Final exams to Final Four

Courtsey / Zak Spryszak

Courtsey / Zak Spryszak

Brady McAtamney

The Final Four is no joke.

In 2019, Virginia, Texas Tech, Michigan State and Auburn were all well-represented in Minneapolis, Minn. to participate in the ultimate college basketball weekend of each year – but Grand Valley State was represented, too.

The newly-acquired tradition of the Final Four weekend is the Dos Equis 3X3U National Championship where NCAA Division I senior players are invited from across all conferences to show up in the host city and play three-on-three half-court basketball for a cash prize. This year, the event was held right in the middle of the Mall of America.

Now, where does GVSU come in?

“Our coach at Grand Valley State, JR Wallace, sent me a direct message on Twitter of this opportunity to email some guy,” said Zak Spryszak. “Our other assistant coach knew him so I talked to him, sent my information over and in less than 24 hours later they sent me a contract and I was ready to go. A couple months later, I was flying out to Minneapolis.”

Spryszak, who served as the head student manager for the GVSU men’s basketball team from 2015 to 2019, became the Director of Basketball Operations for the American East Conference and the Big South Conference.

During the weekend, he was responsible for managing players – where they should be and when, what times the games were, when they’re scheduled for practice – as well as helping strategize for the game that differs further from traditional hoops more than one might think. The game is fast paced, as no “check-ups” are required, letting teams fire away as soon as the ball crosses the three-point arc, even after the opponents make shots.

Despite the lofty title, Spryszak made it a priority to remain connected with his players and never strayed from his experiences doing the dirty work in Allendale.

“Zak is a cool dude,” said David Eyianayi of Gardner-Webb in the Big South Conference. “During the practice times, he was helping me rebound and stuff like that and he was texting us in the group chat all week to make sure that we’re on time with everything. He’s just a cool dude.”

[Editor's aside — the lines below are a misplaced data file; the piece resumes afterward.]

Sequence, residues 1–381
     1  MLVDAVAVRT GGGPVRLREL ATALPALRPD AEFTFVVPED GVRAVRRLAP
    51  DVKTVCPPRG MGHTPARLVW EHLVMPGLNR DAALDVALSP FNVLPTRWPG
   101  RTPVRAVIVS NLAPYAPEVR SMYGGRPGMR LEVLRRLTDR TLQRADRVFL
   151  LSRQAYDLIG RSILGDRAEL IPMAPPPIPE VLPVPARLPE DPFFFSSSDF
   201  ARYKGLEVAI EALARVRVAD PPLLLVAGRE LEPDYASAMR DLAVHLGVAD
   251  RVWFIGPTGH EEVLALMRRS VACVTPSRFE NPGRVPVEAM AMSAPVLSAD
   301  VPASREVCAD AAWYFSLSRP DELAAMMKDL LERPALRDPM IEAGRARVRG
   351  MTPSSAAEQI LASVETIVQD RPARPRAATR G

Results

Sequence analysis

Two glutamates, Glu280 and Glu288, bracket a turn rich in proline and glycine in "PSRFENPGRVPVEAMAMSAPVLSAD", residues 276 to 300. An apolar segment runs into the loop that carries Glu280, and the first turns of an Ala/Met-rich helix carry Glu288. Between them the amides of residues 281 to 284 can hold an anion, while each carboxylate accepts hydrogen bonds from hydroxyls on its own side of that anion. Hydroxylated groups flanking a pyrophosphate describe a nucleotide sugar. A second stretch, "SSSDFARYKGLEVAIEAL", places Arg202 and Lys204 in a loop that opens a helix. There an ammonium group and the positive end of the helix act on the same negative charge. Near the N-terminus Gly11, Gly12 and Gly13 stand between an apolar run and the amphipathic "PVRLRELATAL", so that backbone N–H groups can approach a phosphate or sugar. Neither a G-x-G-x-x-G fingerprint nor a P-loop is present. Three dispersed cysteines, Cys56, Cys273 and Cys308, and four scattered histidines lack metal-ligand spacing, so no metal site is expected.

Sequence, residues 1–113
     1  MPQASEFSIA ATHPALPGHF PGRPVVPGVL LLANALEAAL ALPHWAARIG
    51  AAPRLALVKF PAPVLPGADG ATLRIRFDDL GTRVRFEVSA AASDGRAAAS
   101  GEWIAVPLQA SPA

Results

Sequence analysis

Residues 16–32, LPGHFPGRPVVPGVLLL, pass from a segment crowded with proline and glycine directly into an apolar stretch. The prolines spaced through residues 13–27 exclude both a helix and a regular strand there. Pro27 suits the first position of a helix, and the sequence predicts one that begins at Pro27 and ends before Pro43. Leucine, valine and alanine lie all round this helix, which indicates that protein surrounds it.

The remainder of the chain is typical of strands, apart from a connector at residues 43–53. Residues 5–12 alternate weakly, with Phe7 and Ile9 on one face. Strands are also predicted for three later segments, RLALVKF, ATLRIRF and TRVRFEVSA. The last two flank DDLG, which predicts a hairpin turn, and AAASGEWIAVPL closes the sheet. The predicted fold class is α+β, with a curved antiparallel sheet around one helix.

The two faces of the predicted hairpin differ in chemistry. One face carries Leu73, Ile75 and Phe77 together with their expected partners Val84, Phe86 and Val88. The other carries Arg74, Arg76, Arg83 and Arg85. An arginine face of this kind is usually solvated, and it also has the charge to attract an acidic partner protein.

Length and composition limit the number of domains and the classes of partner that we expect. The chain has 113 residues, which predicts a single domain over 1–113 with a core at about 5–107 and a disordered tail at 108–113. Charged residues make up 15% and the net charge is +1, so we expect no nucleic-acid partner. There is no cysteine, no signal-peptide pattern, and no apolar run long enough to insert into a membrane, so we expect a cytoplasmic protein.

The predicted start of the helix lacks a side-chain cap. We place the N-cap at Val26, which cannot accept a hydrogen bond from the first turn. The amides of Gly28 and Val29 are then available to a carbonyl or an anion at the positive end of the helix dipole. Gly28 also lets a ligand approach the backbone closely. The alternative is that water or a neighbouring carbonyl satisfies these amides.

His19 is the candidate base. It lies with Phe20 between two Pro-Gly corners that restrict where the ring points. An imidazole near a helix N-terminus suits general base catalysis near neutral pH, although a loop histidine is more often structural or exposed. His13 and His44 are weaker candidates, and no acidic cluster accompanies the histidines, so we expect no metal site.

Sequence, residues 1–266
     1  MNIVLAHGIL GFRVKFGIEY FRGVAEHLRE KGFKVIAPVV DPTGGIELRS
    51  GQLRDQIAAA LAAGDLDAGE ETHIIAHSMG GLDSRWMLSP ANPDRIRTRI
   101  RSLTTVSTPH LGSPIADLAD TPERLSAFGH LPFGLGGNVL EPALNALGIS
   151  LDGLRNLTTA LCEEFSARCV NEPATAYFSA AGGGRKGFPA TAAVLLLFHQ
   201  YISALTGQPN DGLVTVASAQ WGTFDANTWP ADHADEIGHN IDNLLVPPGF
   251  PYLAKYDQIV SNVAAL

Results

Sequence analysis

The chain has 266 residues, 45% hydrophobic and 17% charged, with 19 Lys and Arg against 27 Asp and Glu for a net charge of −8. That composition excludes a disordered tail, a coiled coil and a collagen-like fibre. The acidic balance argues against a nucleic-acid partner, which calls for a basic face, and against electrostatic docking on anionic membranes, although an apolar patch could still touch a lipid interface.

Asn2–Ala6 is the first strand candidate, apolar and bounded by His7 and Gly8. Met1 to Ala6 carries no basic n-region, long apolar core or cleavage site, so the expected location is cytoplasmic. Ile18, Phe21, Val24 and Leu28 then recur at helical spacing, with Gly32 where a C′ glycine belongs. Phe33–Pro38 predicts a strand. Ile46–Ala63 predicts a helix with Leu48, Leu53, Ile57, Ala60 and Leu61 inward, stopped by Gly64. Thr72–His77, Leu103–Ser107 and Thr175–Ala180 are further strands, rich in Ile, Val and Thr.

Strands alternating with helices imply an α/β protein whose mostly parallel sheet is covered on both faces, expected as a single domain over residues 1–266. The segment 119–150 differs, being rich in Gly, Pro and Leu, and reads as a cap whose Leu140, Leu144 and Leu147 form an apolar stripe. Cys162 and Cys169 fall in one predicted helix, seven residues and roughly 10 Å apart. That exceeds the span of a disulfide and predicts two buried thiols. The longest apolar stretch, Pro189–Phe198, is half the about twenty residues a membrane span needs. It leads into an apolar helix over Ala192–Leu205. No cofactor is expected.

His willingness to contribute and dedication toward his teams allowed himself to stay on an even plane with the guys he worked with. While many people could have taken the “director” title and use it to feed their own ego, Spryszak did the exact opposite and stayed humble through the new experience.

“He was really good,” said Ernie Duncan of Vermont in the American East Conference. “I’m glad he was our ‘coach’ for our team and looked over our team and I thought he did a really good job and, not just myself, but the other guys really enjoyed him. He was excellent.”

The tournament was mutually beneficial for the players and directors alike, as the Final Four, unsurprisingly, is a gold mine for young, aspiring coaches to connect with established names from across the country in the industry and collect reputable contacts for their careers ahead. He’ll continue to stay in touch with the coaches and higher-ups.

“They’re not going to be connections or people who are going to help you out unless you keep talking to them, getting to know them and putting in that work on the side which was part of my process.” Spryszak said. “The week after, I texted all them, had a little conversation with all them and that’s just the start.”

The soon-to-be Laker alumnus will now focus on locking in a graduate assistant program with a Division I program, solidifying his place in the college basketball universe.